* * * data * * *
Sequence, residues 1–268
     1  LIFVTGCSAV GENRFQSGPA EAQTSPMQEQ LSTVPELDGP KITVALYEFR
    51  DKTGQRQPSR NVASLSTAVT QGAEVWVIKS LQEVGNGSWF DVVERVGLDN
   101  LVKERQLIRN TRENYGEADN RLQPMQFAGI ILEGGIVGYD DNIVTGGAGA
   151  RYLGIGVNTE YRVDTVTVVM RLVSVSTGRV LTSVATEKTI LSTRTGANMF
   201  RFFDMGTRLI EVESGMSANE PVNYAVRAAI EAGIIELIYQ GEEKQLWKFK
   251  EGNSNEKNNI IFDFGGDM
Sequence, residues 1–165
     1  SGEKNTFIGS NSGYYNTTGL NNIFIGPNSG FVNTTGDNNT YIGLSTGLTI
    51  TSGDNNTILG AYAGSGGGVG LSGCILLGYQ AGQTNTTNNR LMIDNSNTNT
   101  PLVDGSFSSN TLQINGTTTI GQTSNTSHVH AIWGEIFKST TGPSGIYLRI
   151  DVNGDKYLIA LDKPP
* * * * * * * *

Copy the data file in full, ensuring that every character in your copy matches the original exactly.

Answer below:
Sequence, residues 1–268
     1  LIFVTGCSAV GENRFQSGPA EAQTSPMQEQ LSTVPELDGP KITVALYEFR
    51  DKTGQRQPSR NVASLSTAVT QGAEVWVIKS LQEVGNGSWF DVVERVGLDN
   101  LVKERQLIRN TRENYGEADN RLQPMQFAGI ILEGGIVGYD DNIVTGGAGA
   151  RYLGIGVNTE YRVDTVTVVM RLVSVSTGRV LTSVATEKTI LSTRTGANMF
   201  RFFDMGTRLI EVESGMSANE PVNYAVRAAI EAGIIELIYQ GEEKQLWKFK
   251  EGNSNEKNNI IFDFGGDM
Sequence, residues 1–165
     1  SGEKNTFIGS NSGYYNTTGL NNIFIGPNSG FVNTTGDNNT YIGLSTGLTI
    51  TSGDNNTILG AYAGSGGGVG LSGCILLGYQ AGQTNTTNNR LMIDNSNTNT
   101  PLVDGSFSSN TLQINGTTTI GQTSNTSHVH AIWGEIFKST TGPSGIYLRI
   151  DVNGDKYLIA LDKPP